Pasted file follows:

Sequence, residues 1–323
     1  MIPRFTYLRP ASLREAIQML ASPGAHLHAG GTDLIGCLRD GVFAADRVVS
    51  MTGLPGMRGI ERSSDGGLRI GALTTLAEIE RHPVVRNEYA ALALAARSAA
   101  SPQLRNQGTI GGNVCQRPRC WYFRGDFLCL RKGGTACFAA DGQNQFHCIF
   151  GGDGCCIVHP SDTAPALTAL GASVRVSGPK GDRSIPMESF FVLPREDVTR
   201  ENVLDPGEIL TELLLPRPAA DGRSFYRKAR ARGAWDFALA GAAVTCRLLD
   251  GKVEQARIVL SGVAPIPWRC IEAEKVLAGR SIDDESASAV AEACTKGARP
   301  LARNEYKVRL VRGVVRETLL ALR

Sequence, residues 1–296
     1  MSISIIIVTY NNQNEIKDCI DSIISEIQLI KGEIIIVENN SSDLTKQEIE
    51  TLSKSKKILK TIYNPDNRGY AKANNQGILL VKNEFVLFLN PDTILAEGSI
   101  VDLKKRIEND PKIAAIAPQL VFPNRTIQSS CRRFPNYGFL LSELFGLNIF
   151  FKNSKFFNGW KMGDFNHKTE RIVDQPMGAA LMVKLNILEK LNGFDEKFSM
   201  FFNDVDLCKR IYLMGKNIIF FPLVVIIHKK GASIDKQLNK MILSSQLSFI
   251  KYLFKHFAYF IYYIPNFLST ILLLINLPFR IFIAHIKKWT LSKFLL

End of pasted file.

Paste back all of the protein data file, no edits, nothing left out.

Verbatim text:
Sequence, residues 1–323
     1  MIPRFTYLRP ASLREAIQML ASPGAHLHAG GTDLIGCLRD GVFAADRVVS
    51  MTGLPGMRGI ERSSDGGLRI GALTTLAEIE RHPVVRNEYA ALALAARSAA
   101  SPQLRNQGTI GGNVCQRPRC WYFRGDFLCL RKGGTACFAA DGQNQFHCIF
   151  GGDGCCIVHP SDTAPALTAL GASVRVSGPK GDRSIPMESF FVLPREDVTR
   201  ENVLDPGEIL TELLLPRPAA DGRSFYRKAR ARGAWDFALA GAAVTCRLLD
   251  GKVEQARIVL SGVAPIPWRC IEAEKVLAGR SIDDESASAV AEACTKGARP
   301  LARNEYKVRL VRGVVRETLL ALR

Sequence, residues 1–296
     1  MSISIIIVTY NNQNEIKDCI DSIISEIQLI KGEIIIVENN SSDLTKQEIE
    51  TLSKSKKILK TIYNPDNRGY AKANNQGILL VKNEFVLFLN PDTILAEGSI
   101  VDLKKRIEND PKIAAIAPQL VFPNRTIQSS CRRFPNYGFL LSELFGLNIF
   151  FKNSKFFNGW KMGDFNHKTE RIVDQPMGAA LMVKLNILEK LNGFDEKFSM
   201  FFNDVDLCKR IYLMGKNIIF FPLVVIIHKK GASIDKQLNK MILSSQLSFI
   251  KYLFKHFAYF IYYIPNFLST ILLLINLPFR IFIAHIKKWT LSKFLL